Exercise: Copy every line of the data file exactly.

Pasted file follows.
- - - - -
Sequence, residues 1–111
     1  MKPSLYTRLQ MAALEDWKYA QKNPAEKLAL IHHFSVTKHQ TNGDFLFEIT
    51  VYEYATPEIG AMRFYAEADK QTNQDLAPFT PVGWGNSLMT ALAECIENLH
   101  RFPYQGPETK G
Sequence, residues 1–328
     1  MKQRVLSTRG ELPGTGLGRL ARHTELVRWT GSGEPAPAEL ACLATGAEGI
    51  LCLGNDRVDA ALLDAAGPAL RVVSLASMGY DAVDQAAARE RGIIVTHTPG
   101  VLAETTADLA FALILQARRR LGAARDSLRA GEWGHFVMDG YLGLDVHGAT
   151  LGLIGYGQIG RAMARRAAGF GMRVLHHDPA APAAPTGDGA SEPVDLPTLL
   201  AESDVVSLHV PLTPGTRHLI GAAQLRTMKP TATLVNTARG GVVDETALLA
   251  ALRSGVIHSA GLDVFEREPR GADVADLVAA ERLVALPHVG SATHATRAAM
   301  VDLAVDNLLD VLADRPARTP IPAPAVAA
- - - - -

Sequence, residues 1–111
     1  MKPSLYTRLQ MAALEDWKYA QKNPAEKLAL IHHFSVTKHQ TNGDFLFEIT
    51  VYEYATPEIG AMRFYAEADK QTNQDLAPFT PVGWGNSLMT ALAECIENLH
   101  RFPYQGPETK G
Sequence, residues 1–328
     1  MKQRVLSTRG ELPGTGLGRL ARHTELVRWT GSGEPAPAEL ACLATGAEGI
    51  LCLGNDRVDA ALLDAAGPAL RVVSLASMGY DAVDQAAARE RGIIVTHTPG
   101  VLAETTADLA FALILQARRR LGAARDSLRA GEWGHFVMDG YLGLDVHGAT
   151  LGLIGYGQIG RAMARRAAGF GMRVLHHDPA APAAPTGDGA SEPVDLPTLL
   201  AESDVVSLHV PLTPGTRHLI GAAQLRTMKP TATLVNTARG GVVDETALLA
   251  ALRSGVIHSA GLDVFEREPR GADVADLVAA ERLVALPHVG SATHATRAAM
   301  VDLAVDNLLD VLADRPARTP IPAPAVAA